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A Married Couple’s Guide to Life Insurance Comparison

For a married couple, investing in life insurance should not be overlooked, especially if bringing up children becomes part of the couple’s responsibility. Investing in life insurance is a vital part of financial planning to ensure protection for your family in unforeseen circumstances. Many couples think that purchasing a life insurance policy for the sole breadwinner will suffice. Will that take care of all the family’s financial burden in the event of misfortune? Will the non-breadwinner still be able to fund the children’s education, provide basic needs and pay the rent and bills? Should you and your partner both have life insurance to ensure maximum financial protection for the family? If so, how much should both of you invest?

Consider the points below before you make a decision:

Income

The breadwinner or the parent who brings in a much higher income should perhaps have a more extensive life insurance policy. On the other hand, if both parents earn similar incomes, consider purchasing similar life insurance options to safeguard yourselves from financial burden if one of you passes away.

Family Duties

The homemaker plays a vital role upon which the entire family is extremely dependent. This role, much like that of the breadwinner, carries with it a financial value – a value that the family loses if the homemaker passes away and is not covered by life insurance. On the flipside, imagine this scenario. If your significant other is a stay-at-home parent who is suddenly forced to join the workforce, how will he or she pay for the services of a nanny or day care to ensure that the children’s routine is not disrupted too much? In this scenario, a life insurance policy may help the surviving family members account for those additional areas of need and the potential increase in their cost of living.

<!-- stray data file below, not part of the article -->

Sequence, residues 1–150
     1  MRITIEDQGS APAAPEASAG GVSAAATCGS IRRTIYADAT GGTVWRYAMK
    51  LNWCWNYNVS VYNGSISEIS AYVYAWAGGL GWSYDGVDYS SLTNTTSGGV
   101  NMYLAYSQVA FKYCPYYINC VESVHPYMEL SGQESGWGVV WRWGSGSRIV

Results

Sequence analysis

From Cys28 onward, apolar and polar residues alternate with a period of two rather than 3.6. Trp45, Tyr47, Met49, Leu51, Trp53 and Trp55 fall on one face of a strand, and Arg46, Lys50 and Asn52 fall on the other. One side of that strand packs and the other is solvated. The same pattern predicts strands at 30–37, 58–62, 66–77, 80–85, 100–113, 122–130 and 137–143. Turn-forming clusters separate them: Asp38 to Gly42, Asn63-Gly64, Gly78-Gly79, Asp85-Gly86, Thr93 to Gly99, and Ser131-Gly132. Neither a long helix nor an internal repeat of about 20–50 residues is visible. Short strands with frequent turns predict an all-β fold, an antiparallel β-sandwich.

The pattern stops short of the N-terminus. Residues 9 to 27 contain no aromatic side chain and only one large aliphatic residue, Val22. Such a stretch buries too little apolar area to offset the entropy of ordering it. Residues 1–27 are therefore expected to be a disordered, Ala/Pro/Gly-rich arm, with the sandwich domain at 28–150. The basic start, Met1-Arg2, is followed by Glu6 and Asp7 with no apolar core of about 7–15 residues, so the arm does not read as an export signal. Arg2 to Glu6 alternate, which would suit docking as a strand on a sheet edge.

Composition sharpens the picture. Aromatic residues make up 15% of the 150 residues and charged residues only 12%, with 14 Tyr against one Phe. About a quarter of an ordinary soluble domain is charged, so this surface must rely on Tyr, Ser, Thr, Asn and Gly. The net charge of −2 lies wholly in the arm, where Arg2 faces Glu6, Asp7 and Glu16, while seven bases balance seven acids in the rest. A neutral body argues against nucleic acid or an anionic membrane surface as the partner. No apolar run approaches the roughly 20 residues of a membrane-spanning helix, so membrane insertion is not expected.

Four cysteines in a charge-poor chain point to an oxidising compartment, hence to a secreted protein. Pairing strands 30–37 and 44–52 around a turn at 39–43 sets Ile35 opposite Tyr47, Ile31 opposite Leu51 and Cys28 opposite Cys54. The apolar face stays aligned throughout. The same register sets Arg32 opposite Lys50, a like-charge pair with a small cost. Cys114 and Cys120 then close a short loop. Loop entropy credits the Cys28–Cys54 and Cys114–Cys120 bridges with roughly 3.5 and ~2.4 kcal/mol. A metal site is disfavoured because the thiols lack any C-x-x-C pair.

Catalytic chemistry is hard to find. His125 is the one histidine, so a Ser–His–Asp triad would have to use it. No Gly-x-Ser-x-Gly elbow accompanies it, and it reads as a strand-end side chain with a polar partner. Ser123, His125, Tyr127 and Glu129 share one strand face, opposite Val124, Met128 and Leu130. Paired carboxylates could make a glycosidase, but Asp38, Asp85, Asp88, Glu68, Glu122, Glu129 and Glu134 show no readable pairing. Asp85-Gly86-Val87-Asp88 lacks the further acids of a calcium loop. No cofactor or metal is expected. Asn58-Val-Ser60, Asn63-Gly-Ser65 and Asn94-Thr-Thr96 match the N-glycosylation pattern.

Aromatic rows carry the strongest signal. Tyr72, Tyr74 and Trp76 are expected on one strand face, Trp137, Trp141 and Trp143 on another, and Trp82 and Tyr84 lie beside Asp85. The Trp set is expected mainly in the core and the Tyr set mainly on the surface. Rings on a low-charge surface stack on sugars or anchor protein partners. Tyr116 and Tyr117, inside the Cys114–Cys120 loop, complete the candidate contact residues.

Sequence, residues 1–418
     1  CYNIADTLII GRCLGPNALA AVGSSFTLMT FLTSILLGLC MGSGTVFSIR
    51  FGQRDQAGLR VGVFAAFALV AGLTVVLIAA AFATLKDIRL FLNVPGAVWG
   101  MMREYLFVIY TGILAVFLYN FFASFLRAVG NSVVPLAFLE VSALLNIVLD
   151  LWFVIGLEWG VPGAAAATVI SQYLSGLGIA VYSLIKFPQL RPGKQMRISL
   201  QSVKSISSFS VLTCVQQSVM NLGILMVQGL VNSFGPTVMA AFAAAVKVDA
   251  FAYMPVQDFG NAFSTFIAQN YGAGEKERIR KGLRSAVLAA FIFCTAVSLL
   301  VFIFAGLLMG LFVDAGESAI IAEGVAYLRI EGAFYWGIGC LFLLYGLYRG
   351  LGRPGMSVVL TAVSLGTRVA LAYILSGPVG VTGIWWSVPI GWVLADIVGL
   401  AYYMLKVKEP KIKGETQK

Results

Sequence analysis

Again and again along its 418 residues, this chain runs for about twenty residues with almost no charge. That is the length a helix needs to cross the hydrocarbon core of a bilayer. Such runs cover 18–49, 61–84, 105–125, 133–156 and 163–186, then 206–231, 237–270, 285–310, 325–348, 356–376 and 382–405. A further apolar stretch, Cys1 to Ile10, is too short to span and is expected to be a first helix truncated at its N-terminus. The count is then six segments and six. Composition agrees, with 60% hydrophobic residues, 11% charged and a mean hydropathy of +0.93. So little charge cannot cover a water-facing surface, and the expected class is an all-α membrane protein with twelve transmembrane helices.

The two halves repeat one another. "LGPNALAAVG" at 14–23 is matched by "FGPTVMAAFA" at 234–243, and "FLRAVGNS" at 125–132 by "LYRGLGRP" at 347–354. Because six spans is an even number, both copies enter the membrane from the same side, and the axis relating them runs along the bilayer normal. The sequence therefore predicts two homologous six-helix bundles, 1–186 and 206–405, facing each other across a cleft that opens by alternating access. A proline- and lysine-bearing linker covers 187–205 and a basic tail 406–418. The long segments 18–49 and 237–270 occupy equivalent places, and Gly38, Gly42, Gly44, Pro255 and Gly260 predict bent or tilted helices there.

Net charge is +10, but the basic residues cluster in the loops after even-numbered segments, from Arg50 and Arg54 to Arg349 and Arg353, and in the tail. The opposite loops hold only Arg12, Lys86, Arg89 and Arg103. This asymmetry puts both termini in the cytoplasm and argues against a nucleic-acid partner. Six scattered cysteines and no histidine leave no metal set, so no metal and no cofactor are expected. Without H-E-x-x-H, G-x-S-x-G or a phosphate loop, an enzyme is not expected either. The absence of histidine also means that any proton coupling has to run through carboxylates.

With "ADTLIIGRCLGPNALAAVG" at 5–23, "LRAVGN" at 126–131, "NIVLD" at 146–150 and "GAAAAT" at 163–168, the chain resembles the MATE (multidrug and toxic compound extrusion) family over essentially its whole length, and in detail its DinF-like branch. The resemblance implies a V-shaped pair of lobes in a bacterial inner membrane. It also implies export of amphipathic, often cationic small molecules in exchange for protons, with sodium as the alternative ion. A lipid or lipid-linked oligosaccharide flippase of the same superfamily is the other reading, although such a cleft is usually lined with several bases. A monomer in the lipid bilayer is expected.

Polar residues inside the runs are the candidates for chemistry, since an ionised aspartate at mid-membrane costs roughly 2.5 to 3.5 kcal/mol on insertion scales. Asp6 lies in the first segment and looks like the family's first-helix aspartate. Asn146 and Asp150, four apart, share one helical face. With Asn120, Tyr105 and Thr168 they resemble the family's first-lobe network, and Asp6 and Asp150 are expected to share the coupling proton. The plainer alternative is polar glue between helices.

Risk of Serious Illness or Injury

If either of you has a family history of serious illness, takes part in dangerous leisure activities, or is involved in a particular kind of work that increases his or her chances of serious injury, then broad life insurance cover may be worth considering. In this regard, you may have the option to add on disability insurance to ensure that it covers your medical bills on top of the monthly utility bills, rent or mortgage and other basic needs if you or your spouse is seriously ill or injured.

Grief Period

Your surviving spouse may need time to grieve, and may not be able to work for several weeks or months. A life insurance policy may help to ease the family’s financial burden during and after the grieving period when the spouse is ready to get back on his or her feet and begin looking for work to obtain an income to meet the family’s needs. Having life insurance may ensure that your surviving partner receives a source of income to meet the needs of your family and maintain quality of life should anything happen to either of you. Having the assurance that your partner and children will be financially covered if something happens to one of you may be important to your peace of mind as a spouse or parent.

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